From Chronic Pain to Heroin to Mindfulness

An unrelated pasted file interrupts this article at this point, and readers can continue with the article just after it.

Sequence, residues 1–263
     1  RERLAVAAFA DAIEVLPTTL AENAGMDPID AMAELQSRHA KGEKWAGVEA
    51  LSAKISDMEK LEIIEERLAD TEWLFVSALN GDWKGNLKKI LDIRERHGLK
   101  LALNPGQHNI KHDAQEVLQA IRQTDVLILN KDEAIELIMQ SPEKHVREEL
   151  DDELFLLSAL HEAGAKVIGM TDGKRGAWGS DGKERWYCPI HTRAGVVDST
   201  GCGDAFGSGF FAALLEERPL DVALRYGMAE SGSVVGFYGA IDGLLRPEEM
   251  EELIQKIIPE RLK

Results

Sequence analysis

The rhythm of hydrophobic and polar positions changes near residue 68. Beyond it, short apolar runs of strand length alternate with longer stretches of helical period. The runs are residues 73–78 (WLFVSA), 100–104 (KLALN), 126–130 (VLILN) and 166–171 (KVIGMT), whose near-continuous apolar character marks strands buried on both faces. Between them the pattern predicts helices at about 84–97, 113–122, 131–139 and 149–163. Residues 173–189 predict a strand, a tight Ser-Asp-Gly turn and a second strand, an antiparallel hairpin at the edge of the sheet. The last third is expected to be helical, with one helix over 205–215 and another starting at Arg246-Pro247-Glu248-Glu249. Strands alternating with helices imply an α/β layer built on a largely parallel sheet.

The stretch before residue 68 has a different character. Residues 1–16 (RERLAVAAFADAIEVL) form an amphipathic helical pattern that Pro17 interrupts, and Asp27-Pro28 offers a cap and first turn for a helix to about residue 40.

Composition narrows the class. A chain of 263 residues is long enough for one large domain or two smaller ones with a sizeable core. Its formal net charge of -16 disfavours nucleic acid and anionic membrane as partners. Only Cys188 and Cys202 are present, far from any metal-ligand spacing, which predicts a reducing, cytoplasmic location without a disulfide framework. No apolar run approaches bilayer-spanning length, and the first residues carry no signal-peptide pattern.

Heroin has been in the news a lot lately—bad heroin, heroin overdoses, heroin epidemic. But how did it go from being the ‘I’d never go there’ drug to the drug du jour? For people working in addiction treatment, there’s a pretty straight line. The road starts with prescription painkillers. Prescribing opiates like oxycodone for pain got out of control in the past decade. Some people with legitimate chronic pain conditions started getting long-term opiate prescriptions, but people just looking for a fix did, too. Pain management clinics and pill mills catered to both kinds of customers. Around 2010, two things happened: Some states known for pill mills started cracking down on the doctors and customers, and the formula for OxyContin changed, making the pill more difficult to abuse to get high. Both the crackdown and the reformulation ramped up the street price for illicit painkillers. With prices rising, people—both addicts and pain patients—looked for cheaper alternatives, which meant heroin. People who never would have thought they would use heroin quickly became addicted. Parents who thought their teens might have smoked a little pot are finding out their kids are addicted to opiates. The horrible path from pain pills to heroin have pain specialists scrambling for new solutions. A new study involving mindfulness has shown some positive results in pain reduction. Researchers at the University of Utah trained patients in techniques that address some of the processes associated with pain, including mindfulness, reappraising and savoring. In the study, about 75 percent of the 115 pain patients had misused opiates, either by taking higher doses or taking them for reasons other than pain, like stress. The control group received conventional support, while the experimental group learned new techniques. Mindfulness and mindful breathing before taking the opioids were used to focus the mind on craving and whether it was craving for pain relief or craving for the drug. The results showed that people in the experimental group lowered their rates of misuse twice as much as those receiving conventional support. That group also had a 22 percent reduction in pain impairment 3 months after the end of treatment. The main takeaway from this study is that there are other options to treat pain. Doctors in addiction treatment know that this is the biggest issue for many people. This is just one method, one study. Don’t think that you always have to live with pain or addiction. There are other ways to manage pain, that don’t involve opiates or heroin. Get that out of your life for good. If you or a loved one are struggling with addiction to pain meds, Stepping Stone Center can help. Call us at 866-957-4960 for information about drug rehab. That’s the first step to find lasting pain management.